Saturday, Dec 10 2016 | Updated at 05:44 AM EST

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Dec 01, 2016 05:23 AM EST

Stephen Hawking: Obesity and The Danger It Brings To Millions of Lives

Stephen Hawking
Professor Stephen Hawking talks about obesity as one of the world's leading cause of death, during an ad campaign promoting the work of the Swedish company GEN-PEP.
(Photo : Credit: Bryan Bedder / Stringer)

Professor Stephen Hawking talks about obesity as one of the world's leading cause of death, during an ad campaign promoting the work of the Swedish company GEN-PEP. The professor addressed the gravity of obesity and sedentary lifestyle as he was concerned at how being obese shortens a person's life expectancy by several years. 

"For what it's worth, how being sedentary has been a major health problem is beyond my understanding." Says Hawkings.

"As a physicist I see the world as a whole am I here to address one of the most serious health problems of 21st century."

"Today too many people die from complications related to being overweight and obesity. We eat too much and move too little."

When talking of the solution, he says that "It's not rocket science," and recommends a very simple solution, and that is to eat less and increase exercise and physical activity.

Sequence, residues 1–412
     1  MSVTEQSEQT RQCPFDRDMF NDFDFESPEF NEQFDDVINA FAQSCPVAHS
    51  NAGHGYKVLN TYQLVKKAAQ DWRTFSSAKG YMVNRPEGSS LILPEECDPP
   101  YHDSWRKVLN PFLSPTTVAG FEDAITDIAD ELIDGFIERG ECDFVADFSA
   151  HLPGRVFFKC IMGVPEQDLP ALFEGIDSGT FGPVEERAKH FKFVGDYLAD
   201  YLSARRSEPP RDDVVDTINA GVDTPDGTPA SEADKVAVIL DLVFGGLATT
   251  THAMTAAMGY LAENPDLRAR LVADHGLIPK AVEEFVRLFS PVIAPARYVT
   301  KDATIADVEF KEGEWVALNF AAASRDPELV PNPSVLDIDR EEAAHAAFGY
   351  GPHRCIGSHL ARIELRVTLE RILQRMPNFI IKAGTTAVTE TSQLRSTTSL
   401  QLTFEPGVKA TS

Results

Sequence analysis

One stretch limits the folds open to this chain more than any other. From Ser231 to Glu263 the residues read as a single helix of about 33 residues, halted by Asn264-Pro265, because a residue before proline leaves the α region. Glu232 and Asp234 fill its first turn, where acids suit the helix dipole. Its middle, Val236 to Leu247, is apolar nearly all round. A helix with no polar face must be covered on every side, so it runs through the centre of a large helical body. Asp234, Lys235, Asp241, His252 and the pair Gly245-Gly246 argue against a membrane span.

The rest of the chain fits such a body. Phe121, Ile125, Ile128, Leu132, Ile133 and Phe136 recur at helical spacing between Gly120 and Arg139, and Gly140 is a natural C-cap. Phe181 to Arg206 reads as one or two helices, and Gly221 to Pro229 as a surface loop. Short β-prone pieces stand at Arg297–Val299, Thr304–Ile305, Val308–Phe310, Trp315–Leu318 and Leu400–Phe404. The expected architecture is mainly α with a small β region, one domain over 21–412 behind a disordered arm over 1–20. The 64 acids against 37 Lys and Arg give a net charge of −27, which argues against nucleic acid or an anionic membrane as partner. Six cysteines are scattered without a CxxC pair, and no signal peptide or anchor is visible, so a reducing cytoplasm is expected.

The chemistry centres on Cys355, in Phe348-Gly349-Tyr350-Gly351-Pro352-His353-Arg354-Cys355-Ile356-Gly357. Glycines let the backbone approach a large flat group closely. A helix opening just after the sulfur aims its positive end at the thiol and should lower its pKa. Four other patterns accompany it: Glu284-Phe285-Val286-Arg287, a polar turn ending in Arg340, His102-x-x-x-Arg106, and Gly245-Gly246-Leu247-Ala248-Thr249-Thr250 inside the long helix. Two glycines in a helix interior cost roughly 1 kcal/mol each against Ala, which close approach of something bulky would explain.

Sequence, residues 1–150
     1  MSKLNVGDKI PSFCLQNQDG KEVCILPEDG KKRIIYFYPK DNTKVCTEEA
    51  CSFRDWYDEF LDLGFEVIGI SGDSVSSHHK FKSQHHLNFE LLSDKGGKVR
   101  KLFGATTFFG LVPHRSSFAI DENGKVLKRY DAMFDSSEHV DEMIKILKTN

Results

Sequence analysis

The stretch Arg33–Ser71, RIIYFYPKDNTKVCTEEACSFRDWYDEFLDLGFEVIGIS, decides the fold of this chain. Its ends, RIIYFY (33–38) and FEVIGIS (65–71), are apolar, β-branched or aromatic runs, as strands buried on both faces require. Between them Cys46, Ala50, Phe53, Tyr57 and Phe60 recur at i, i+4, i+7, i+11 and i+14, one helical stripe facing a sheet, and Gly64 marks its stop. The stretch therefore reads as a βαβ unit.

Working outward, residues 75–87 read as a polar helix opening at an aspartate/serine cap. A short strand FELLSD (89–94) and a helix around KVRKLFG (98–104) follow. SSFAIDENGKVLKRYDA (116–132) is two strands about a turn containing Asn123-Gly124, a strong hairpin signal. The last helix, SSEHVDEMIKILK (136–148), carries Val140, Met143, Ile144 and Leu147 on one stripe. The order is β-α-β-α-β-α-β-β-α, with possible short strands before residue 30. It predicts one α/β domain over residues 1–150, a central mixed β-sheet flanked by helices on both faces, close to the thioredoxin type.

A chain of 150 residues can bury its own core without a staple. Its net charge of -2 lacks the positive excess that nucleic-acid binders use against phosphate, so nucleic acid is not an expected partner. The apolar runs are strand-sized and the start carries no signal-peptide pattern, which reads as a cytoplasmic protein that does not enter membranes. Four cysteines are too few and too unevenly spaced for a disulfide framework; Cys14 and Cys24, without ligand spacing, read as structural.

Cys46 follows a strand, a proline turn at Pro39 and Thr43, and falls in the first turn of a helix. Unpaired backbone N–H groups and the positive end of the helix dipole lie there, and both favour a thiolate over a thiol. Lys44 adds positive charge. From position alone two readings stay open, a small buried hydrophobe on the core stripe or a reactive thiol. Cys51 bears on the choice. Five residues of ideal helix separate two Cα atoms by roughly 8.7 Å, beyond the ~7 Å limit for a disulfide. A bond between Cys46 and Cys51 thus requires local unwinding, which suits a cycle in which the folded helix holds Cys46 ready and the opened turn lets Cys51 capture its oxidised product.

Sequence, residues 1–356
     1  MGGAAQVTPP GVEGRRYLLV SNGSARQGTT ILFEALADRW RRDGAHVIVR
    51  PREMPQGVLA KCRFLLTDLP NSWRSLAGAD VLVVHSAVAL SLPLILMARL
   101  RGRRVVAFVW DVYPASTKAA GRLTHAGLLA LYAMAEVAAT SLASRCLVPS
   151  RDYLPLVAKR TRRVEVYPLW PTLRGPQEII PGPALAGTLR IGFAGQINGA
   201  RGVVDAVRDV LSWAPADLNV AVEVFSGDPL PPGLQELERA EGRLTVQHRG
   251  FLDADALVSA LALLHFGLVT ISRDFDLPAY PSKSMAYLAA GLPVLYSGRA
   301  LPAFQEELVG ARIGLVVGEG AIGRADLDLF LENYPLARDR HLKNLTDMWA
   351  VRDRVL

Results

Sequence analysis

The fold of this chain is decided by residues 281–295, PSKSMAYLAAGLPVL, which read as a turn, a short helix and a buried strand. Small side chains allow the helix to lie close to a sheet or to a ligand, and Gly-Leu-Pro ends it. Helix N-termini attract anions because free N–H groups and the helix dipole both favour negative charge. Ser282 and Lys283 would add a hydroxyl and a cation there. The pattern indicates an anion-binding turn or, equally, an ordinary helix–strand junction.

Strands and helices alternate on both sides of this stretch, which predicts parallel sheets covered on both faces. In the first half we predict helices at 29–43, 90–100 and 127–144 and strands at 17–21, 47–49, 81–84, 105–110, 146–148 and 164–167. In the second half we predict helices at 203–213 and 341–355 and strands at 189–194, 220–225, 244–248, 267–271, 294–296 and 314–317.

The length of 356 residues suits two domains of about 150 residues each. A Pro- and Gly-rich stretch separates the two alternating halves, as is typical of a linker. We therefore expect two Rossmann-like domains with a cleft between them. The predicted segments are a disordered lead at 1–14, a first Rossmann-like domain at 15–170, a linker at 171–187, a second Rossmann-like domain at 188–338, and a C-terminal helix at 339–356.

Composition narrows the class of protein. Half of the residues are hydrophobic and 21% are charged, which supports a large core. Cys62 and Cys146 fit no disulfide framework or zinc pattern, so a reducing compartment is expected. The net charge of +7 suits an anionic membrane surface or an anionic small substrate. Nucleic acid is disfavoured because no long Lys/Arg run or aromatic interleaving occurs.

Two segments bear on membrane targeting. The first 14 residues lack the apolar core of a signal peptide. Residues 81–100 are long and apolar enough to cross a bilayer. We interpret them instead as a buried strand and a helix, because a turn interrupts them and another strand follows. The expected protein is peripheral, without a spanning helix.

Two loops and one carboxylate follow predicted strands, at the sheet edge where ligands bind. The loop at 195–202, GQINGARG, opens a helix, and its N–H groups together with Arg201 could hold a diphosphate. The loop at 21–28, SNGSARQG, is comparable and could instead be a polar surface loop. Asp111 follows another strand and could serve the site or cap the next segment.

This carries on to provide a significant lesson to the viewers. As per Hawkings, the required physical activity for adults should be 30 minutes daily, and 60 minutes for children".

The reports early this year have shown the increase in figures of the obese men and women. And according to the experts, this will only get worse within the decade. What scientists are suggesting is to have policies in place that will control or slow down the global increase in body weight. People should also continue to follow proper diet and nutrition and maintain an active lifestyle and increase physical activities.

Among the proposals were to force restaurants and cafes to indicate calorie information on their menus. Supermarkets will also be forced to remove junk foods from around the checkouts and at the end of aisles. The final strategy included adding a tax on soda to which doctors and politicians disagreed.

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